The Senate Education Committee took up new Michigan Merit Curriculum legislation on Tuesday. SB 600 would make sweeping changes to the state's graduation requirement law. The part of the bill garnering the most focus is its proposed elimination of the algebra II requirement. But the legislation goes well beyond just one course and includes a number of provisions that are concerning to MASSP.

The bill is broad enough in scope that it defies quick summary, but here are a few of the most significant concerns. As currently written, SB 600:

  • Eliminates the algebra II requirement by replacing it with a long list of course many cases with courses for which there are no standards and some of which would not generally be considered math courses (e.g. financial literacy).
  • Replaces the required courses in science and social science with similarly long lists of course titles. In many cases the lists includes courses for which there are no standards and some of which would not generally be considered courses in that subject area (e.g. allowing computer science to count as science credit).
  • Eliminates the health and physical education requirements entirely.
  • Eliminates the personal curriculum.

This was the first hearing on the bill and featured an hour of testimony both for and against the proposal.  Another hearing is scheduled for this coming Tuesday. The timeline moving forward is unclear.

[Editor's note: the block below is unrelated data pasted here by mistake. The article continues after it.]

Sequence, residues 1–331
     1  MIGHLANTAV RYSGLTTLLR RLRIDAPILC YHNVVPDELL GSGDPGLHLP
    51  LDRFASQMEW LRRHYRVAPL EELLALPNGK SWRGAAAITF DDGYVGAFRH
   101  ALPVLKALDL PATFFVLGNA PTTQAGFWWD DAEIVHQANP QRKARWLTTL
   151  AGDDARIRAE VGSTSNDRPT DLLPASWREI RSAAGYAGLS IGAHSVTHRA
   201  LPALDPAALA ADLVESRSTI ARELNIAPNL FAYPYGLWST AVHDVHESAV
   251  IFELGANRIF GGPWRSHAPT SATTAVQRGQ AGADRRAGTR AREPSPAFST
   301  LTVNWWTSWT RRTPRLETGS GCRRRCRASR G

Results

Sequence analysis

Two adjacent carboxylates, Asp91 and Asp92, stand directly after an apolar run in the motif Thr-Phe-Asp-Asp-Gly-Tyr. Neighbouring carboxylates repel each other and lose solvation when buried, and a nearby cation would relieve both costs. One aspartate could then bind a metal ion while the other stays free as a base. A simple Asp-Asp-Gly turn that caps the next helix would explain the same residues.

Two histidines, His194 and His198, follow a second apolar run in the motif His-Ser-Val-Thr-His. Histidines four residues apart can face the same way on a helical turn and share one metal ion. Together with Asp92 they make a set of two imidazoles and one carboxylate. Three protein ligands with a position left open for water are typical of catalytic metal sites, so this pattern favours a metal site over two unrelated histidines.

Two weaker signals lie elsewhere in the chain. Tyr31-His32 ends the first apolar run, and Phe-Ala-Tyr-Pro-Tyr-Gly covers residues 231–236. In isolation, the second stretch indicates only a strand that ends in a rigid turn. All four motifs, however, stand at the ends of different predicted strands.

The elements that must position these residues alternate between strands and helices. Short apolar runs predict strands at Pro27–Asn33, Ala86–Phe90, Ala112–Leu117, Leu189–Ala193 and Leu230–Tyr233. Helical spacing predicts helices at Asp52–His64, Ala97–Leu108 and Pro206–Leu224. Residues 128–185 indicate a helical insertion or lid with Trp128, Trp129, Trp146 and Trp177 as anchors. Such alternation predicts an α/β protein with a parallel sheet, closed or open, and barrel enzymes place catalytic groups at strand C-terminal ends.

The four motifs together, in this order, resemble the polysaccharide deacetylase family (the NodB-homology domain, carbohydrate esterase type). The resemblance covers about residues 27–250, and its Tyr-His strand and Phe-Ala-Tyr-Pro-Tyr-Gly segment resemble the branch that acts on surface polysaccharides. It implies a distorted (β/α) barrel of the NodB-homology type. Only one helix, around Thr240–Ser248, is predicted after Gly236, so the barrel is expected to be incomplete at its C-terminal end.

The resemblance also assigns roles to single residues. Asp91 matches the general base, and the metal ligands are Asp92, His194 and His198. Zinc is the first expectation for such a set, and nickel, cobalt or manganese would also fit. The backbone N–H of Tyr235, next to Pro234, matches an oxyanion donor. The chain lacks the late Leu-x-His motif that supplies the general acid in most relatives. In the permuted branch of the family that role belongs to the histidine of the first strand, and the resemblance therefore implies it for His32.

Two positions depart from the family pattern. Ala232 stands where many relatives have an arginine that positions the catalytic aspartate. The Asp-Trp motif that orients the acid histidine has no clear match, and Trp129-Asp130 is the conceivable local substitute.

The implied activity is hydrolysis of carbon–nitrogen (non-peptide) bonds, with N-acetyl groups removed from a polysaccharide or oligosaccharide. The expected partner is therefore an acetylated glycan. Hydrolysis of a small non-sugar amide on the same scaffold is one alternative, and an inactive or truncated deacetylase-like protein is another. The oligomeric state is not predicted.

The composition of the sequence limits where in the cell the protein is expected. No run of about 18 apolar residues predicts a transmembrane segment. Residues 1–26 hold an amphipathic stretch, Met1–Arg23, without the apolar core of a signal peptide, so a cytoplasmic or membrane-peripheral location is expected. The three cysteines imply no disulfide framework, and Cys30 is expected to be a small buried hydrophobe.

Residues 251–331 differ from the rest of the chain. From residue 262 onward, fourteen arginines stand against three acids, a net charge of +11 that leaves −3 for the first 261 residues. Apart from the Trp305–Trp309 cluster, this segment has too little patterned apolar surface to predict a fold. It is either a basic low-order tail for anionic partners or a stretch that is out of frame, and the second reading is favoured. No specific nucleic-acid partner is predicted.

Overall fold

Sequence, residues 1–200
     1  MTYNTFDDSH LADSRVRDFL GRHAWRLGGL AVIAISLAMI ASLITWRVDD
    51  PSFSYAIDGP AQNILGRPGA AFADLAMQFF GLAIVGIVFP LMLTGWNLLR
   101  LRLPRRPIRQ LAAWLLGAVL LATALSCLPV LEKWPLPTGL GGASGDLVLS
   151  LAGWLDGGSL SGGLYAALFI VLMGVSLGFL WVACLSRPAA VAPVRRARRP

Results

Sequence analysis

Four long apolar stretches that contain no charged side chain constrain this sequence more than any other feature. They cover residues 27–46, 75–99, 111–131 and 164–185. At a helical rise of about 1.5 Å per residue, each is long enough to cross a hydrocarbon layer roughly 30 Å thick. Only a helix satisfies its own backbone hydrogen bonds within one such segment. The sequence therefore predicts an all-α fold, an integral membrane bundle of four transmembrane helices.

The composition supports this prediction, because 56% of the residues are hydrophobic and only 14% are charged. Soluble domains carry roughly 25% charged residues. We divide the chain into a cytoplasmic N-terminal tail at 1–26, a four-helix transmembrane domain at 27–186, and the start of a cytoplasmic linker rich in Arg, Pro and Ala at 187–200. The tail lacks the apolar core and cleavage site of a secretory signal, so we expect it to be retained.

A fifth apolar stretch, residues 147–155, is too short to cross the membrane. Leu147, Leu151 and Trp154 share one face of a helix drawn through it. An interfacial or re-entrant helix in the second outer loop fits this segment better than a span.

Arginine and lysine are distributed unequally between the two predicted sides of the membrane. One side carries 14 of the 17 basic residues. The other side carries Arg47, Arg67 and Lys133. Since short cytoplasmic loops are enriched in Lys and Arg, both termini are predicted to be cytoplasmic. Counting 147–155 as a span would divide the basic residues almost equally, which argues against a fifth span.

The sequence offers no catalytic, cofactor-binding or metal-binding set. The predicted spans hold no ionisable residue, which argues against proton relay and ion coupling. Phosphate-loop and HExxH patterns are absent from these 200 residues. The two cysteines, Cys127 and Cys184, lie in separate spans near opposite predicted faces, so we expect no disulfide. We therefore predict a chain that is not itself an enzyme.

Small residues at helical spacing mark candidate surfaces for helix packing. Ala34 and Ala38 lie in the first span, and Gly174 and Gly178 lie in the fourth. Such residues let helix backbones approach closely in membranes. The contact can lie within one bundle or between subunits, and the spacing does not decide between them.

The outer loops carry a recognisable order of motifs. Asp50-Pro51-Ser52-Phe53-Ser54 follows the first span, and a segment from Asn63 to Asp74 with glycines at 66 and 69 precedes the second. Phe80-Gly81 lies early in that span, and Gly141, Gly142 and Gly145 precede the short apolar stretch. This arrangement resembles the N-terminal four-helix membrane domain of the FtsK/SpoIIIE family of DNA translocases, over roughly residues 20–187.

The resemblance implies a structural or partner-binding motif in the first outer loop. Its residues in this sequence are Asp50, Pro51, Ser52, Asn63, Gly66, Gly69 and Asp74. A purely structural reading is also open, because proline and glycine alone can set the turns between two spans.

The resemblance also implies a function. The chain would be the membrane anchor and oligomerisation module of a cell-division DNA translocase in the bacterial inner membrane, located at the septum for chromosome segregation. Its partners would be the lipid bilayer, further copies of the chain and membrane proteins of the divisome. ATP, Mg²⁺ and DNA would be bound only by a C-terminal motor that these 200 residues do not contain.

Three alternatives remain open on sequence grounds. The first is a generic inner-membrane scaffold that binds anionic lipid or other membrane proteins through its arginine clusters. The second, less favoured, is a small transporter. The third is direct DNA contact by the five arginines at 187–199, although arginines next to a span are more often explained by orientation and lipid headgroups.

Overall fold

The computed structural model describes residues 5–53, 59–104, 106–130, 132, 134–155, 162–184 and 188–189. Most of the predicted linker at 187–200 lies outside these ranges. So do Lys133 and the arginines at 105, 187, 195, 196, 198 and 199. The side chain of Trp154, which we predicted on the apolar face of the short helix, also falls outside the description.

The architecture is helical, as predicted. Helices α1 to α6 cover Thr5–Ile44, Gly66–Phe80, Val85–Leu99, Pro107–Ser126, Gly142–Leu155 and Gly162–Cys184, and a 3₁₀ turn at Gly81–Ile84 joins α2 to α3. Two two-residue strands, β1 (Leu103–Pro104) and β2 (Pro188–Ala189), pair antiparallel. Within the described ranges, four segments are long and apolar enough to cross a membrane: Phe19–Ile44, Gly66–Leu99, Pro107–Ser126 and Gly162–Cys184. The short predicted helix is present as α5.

MASSP has been working with the sponsor’s office to resolve our concerns, but without success so far. We are planning to testify in opposition to the bill as currently written and to outline our concerns in detail for the committee. MASSP members should expect an email prior to that hearing with more details about the specifics of the legislation, details about the Association's current position and concerns, and talking points that you can use in discussing this with colleagues.

As of the writing of this article, MASA, MASB, and a number of other education groups had yet to take a position on the bill or had voiced concerns about some of its provisions. A number of groups have lined up in opposition to the legislation including the Detroit and Grand Rapids Chambers of Commerce, Business Leaders for Michigan, the Michigan Association of Public School Academies, the Education Trust Midwest, and the Great Lakes Education Project.

The bill is only in the initial stages of the lawmaking process and there is a long way to go. Changes are almost certain if this bill is to ever make it into law. MASSP will continue to keep members informed as the process move.

Written by Bob Kefgen, MASSP Director of Government Relations